Updated: 5:40 p.m. | Posted: 12:35 p.m.
Former Minnesota Supreme Court Chief Justice Eric Magnuson was appointed Thursday to help facilitate potential changes to the state's civil commitment program for sex offenders, which was ruled unconstitutional last month.
Magnuson, who will be the special master, is well-versed on issues surrounding the Minnesota Sex Offender Program: He was chairman of a task force that recommended an overhaul to the program in 2013, and warned lawmakers back then that if they failed to act, they risked having the program dismantled by the federal court.
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Last month, U.S. District Judge Donovan Frank gave the state's political leaders another chance to proposed solutions for the program, which keeps sex offenders locked up indefinitely after they complete their prison sentences. He also made it clear that if changes aren't made, he will impose his own, including possibly closing secure facilities at St. Peter and Moose Lake.
Frank issued a written order Thursday, saying that a special master is necessary to coordinate the case going forward and "to accommodate the public interest in achieving prompt and just solutions to the serious constitutional problems identified by the Court."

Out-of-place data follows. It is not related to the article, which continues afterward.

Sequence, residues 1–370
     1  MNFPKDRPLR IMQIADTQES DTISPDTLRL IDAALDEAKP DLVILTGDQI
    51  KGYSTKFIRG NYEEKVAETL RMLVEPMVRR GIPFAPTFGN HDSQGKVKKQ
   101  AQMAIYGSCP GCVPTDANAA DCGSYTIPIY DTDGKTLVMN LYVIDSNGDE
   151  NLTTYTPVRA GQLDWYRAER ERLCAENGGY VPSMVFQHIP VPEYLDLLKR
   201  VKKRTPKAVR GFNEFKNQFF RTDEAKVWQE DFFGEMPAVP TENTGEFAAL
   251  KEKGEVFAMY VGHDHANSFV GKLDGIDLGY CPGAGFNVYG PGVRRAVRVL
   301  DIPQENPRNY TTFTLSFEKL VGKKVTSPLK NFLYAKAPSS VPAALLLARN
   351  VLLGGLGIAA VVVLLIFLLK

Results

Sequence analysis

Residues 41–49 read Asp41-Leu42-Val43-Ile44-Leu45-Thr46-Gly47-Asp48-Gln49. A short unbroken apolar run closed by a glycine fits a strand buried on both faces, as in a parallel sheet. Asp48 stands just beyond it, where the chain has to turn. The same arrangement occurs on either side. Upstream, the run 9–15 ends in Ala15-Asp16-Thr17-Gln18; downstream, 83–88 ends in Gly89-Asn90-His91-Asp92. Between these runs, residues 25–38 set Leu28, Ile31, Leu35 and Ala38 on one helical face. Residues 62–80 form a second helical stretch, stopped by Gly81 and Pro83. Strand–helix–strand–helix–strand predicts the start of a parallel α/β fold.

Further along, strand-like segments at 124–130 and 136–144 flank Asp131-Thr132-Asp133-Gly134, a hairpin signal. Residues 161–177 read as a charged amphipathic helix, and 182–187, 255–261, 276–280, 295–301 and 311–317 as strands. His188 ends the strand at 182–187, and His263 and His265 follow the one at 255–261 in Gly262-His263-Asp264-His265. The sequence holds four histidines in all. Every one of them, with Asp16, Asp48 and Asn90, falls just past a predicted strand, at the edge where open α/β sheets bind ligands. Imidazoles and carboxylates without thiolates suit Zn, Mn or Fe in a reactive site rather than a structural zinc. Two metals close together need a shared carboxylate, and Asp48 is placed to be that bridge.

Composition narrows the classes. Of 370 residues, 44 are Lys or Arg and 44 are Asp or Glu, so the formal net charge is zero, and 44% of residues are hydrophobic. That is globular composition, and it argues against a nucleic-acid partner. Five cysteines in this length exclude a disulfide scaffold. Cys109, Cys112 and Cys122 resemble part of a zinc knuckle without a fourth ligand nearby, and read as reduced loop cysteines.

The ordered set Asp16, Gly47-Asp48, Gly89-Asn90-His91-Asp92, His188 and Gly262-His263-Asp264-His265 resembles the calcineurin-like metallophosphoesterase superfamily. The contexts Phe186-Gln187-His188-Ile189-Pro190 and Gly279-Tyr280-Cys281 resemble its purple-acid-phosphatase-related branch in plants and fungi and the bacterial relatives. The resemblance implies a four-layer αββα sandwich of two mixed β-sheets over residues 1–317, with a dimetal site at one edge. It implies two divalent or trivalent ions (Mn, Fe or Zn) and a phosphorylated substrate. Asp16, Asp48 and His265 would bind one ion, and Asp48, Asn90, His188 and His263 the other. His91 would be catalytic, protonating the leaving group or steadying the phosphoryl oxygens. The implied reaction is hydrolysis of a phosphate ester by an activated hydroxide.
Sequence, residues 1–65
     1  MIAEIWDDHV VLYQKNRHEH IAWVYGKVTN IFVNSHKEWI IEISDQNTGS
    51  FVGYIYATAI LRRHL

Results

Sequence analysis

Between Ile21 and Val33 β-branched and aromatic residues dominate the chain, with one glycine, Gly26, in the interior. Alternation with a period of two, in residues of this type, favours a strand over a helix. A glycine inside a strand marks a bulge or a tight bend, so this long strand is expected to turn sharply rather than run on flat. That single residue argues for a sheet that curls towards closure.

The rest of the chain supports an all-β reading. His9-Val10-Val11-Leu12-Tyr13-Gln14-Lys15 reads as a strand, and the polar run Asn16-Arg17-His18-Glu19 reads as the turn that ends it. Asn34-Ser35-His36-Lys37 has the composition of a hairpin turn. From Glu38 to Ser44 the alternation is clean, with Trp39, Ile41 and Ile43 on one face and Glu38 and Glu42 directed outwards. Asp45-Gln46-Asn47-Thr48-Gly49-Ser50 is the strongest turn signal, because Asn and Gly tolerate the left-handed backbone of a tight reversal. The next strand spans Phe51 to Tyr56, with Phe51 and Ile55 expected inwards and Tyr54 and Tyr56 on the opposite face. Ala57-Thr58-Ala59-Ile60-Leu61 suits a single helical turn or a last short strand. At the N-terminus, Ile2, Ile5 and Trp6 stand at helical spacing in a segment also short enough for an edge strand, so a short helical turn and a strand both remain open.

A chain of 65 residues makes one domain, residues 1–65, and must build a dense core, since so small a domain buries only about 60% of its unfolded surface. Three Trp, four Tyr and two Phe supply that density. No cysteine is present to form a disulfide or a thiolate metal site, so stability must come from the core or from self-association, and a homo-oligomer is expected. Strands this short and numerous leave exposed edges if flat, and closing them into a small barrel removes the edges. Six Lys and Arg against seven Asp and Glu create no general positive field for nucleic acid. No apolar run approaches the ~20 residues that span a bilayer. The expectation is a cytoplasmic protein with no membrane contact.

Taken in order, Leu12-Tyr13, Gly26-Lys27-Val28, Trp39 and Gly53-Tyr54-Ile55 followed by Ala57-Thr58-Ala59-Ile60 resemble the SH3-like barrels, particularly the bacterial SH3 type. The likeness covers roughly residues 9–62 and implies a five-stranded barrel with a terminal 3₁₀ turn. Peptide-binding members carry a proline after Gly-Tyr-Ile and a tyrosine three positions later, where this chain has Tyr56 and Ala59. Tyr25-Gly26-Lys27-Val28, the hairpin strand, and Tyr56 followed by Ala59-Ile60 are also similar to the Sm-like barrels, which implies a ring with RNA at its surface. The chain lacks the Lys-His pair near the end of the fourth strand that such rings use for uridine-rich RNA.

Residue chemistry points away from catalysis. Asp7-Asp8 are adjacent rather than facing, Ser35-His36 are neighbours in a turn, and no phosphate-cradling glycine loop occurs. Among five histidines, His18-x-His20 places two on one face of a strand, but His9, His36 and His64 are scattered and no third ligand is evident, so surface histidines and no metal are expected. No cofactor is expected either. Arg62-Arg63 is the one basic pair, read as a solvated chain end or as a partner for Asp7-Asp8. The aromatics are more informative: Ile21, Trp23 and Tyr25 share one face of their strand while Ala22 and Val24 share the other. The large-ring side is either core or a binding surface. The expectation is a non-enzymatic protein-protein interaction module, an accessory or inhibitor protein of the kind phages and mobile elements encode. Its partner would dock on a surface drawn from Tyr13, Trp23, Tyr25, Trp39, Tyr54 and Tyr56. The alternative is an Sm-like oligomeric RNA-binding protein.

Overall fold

Magnuson will be authorized to oversee changes imposed by the court, Frank said. He also said Magnuson agreed to serve as special master free of charge, and that the court views the role as nonadversarial," assuming both parties will cooperate with Magnuson.
Magnuson did not immediately return a message seeking comment Thursday.
Dan Gustafson, an attorney for the residents, said Magnuson will be involved in helping all parties come up with and facilitate appropriate fixes. Frank told political leaders, including Gov. Mark Dayton, to come to a conference Aug. 10 to begin coming up with solutions.
The governor planned to leave Minnesota a day earlier to lead a trade delegation to Mexico, but has rearranged his schedule in order to attend, spokesman Linden Zakula said in a statement.
Gustafson said Magnuson is a good choice as special master.
"The problems and the fixes have been well known in the state of Minnesota for many years," Gustafson said. "He'll help facilitate people. He'll help find a way to get those changes made."
It's not unusual for a judge to appoint a special master during this phase of a class-action lawsuit, according to Eric Janus, a professor at William Mitchell College of Law who also served on the task force.
"Justice Magnuson was appointed to chair the task force in part because he has the stature and experience to take a close and careful look at this situation," Janus said. "The experience he had ... would actually be really valuable background for this."
Department of Human Services Commissioner Lucinda Jesson, who appointed Magnuson to lead the task force in 2012, said in a statement that she has great respect for him and his "expertise in this area will help us look forward."